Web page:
Local Nonprofit Spearheads the Largest Net-Zero Energy Affordable Housing Project in the Pacific Northwest
After four years of planning and fundraising, followed by a little more than 18 months of construction, the 150 units of affordable, quality housing on the northwest corner of Albertina Kerr’s Gresham campus are open for residents.
Built on the former footprint of Wynne Watts School, Wynne Watts Commons carries on the name of Dr. Thomas Wynne Watts. A prominent physician and former Board member of the 115-year-old nonprofit, Dr. Watts’s service to Kerr began over a century ago during the influenza epidemic of 1915.
As one of the largest and oldest human services providers in Oregon, Kerr offers short-term crisis psychiatric care and community-based outpatient mental health services for children and teens struggling with life’s challenges. Kerr also provides safe, supportive 24-hour residential care for children, teens, and adults experiencing intellectual and developmental disabilities (I/DD), and employment training with follow-along coaching for adults with I/DD.
Wynne Watts Commons addresses the crucial need for human services workers to have access to safe, affordable housing—one of the most basic and powerful social determinants of health—providing greater workforce stability for those who serve the most vulnerable in our communities, including Kerr caregivers. This results in improved client care. It also includes 30 universally accessible units with state-of-the-art technology for adults with I/DD. These individuals face a critical shortage of quality, affordable, universally accessible housing in an integrated community, and they often earn 30% or less than the average median income.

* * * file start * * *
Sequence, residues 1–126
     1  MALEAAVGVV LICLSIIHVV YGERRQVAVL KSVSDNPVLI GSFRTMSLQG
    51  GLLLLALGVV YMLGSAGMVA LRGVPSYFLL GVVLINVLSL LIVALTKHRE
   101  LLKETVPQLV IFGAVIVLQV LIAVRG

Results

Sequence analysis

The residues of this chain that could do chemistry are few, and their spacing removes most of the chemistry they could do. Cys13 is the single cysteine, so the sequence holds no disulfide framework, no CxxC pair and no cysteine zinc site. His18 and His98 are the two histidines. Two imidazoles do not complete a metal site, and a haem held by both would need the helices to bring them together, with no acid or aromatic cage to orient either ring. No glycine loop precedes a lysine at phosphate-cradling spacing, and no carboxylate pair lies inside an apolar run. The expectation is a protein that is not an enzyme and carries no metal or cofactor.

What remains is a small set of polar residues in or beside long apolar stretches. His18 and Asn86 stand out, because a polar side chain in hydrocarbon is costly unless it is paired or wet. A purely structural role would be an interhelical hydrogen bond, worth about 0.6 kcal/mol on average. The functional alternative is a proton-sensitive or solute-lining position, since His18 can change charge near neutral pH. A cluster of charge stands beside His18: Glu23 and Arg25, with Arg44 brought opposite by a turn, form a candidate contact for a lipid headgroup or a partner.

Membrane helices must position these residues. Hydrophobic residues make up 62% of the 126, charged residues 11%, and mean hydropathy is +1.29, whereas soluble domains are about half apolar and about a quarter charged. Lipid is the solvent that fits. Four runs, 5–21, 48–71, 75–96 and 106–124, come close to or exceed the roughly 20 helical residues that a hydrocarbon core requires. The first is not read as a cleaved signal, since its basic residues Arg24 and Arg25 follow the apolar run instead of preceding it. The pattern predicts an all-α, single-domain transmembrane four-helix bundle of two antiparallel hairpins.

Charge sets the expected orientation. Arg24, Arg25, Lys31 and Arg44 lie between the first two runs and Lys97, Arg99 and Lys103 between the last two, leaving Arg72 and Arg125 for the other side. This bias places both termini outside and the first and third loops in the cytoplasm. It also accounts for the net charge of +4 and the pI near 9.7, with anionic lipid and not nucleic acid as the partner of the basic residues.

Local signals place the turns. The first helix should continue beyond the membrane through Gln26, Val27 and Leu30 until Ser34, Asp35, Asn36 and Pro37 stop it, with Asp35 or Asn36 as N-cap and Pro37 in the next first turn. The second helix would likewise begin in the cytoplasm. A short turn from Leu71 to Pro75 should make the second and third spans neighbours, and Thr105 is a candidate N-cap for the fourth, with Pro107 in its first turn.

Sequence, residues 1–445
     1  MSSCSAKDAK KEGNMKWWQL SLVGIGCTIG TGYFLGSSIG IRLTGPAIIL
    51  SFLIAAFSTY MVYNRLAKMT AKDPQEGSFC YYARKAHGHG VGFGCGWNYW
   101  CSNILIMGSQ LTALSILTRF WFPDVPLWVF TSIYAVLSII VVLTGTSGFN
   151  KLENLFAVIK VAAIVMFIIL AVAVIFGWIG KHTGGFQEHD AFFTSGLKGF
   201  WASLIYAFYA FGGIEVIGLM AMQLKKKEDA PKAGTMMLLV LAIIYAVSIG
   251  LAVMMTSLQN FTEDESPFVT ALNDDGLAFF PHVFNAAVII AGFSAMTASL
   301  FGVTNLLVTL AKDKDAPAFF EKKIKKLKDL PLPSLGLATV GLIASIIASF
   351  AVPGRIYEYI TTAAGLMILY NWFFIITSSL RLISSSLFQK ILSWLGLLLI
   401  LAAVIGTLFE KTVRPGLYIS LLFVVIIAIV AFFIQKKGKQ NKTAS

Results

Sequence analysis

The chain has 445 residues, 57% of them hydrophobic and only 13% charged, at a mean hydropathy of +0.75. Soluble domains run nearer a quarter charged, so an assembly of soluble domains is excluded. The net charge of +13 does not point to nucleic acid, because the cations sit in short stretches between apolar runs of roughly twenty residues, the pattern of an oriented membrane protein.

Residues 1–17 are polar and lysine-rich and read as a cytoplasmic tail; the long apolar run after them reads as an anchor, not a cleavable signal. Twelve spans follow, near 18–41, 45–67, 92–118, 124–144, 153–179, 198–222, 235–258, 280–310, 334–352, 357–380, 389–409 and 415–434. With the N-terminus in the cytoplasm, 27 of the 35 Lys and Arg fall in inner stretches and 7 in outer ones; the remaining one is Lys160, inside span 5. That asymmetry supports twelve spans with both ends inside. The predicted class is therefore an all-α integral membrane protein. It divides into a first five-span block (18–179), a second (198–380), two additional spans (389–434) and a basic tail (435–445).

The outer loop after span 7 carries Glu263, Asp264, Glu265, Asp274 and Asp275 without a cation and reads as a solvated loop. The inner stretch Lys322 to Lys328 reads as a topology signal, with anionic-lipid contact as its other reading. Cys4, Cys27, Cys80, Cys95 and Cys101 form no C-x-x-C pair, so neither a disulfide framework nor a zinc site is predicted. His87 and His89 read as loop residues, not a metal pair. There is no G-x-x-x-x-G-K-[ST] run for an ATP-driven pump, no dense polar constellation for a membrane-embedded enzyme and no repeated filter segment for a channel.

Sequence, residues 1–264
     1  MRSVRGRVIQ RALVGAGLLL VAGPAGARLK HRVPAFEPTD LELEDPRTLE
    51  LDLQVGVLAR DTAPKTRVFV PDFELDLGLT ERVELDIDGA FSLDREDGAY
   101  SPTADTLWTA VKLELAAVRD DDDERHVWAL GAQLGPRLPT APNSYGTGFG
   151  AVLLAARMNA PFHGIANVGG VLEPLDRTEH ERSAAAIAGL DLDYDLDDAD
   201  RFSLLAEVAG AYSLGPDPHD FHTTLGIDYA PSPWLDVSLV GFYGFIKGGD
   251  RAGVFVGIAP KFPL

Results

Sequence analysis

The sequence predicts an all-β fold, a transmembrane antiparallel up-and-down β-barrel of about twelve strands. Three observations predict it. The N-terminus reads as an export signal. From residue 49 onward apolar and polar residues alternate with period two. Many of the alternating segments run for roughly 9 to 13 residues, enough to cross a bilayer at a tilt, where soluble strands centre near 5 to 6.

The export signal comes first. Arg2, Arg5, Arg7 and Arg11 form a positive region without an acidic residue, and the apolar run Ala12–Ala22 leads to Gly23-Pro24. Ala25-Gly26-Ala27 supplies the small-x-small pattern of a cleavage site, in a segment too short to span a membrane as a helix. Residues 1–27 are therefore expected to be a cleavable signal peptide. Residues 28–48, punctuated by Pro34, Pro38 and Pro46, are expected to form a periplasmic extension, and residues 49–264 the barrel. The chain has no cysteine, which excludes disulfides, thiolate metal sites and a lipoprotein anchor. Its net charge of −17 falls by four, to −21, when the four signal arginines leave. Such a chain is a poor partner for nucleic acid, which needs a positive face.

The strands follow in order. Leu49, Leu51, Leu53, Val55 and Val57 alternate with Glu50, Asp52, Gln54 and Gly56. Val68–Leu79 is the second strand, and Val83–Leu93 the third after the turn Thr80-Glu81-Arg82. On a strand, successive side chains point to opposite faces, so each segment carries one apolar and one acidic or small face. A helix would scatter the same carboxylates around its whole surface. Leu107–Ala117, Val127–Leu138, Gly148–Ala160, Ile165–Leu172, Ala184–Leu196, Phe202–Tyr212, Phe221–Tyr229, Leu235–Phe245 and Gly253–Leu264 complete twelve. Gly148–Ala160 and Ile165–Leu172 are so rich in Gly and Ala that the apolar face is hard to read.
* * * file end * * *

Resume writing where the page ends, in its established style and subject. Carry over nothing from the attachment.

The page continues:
Powered entirely by solar energy spread out on the roofs of the four-story building and surrounding carports, Wynne Watts Commons is the largest Net Zero Energy affordable housing project in the Pacific Northwest, producing enough renewable energy to fully operate the building so residents have no utility costs (per New Building Institutes Zero Energy Buildings Database). According to Alex Boetzel, Director of Operations and Sustainability at Green Hammer, "Albertina Kerr is proving that it's possible to scale zero energy construction to meet housing needs for all."
“Housing in Portland is incredibly tight, especially for those living on a low income.” said Craig Rusch, chief information officer for Albertina Kerr. “This project allows Kerr to give back by providing a beautiful, safe place for those who care for the most vulnerable in our community, while also offering independent living opportunities to people experiencing I/DD.”
Because fully accessible housing options are rare and costly, the project's development team—Edlen & Co., Ankrom Moisan Architects, and Pence Construction—focused on ways to enhance the universal design with enabling technology; from automated entry doors and wheelchair-friendly roll-up elevator controls to pull-out cooktops and motorized kitchen cabinets. Bedrooms feature RGB controllable lighting to help with mood management and overstimulation.
The universally accessible units also come with access to SimplyHome, a person-centered supportive application, allowing residents to control their environment through a tablet. With one touch, they can adjust lighting, turn on/off fans, open and close window shades, change thermostats, and open and close doors. It also has sensors to monitor the tenant's safety by proactively sending alerts if they need assistance.
Wynne Watts Commons has partnered with CareOregon Club at Rockwood, the local Boys and Girls Club, which is less than one mile away and provides after-school and summer programming for kids ages 6-18. Starting fall 2022, some spaces will be reserved for kids and youth living in Wynne Watts Commons, and any family with children in attendance will benefit from highly subsidized membership fees.
Thanks to the generosity of a number of private donors and foundations, Albertina Kerr exceeded its private fundraising goal of $1.2 million and donated the land. The nonprofit also received $11.2 million through the City of Gresham’s Metro Affordable Housing Bond funds. This project has been made possible by customers participating in PGE’s Green Future SM program through the PGE Renewable Development Fund.
For more information, visit AlbertinaKerr.org